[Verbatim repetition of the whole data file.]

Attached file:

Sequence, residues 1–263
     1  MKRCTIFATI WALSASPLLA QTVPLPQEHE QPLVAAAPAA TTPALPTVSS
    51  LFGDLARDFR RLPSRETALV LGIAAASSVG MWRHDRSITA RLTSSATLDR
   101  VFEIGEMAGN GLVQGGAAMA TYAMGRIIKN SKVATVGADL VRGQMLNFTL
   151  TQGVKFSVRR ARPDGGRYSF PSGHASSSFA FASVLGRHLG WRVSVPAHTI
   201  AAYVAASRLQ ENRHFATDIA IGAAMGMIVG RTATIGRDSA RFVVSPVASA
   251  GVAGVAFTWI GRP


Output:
Sequence, residues 1–263
     1  MKRCTIFATI WALSASPLLA QTVPLPQEHE QPLVAAAPAA TTPALPTVSS
    51  LFGDLARDFR RLPSRETALV LGIAAASSVG MWRHDRSITA RLTSSATLDR
   101  VFEIGEMAGN GLVQGGAAMA TYAMGRIIKN SKVATVGADL VRGQMLNFTL
   151  TQGVKFSVRR ARPDGGRYSF PSGHASSSFA FASVLGRHLG WRVSVPAHTI
   201  AAYVAASRLQ ENRHFATDIA IGAAMGMIVG RTATIGRDSA RFVVSPVASA
   251  GVAGVAFTWI GRP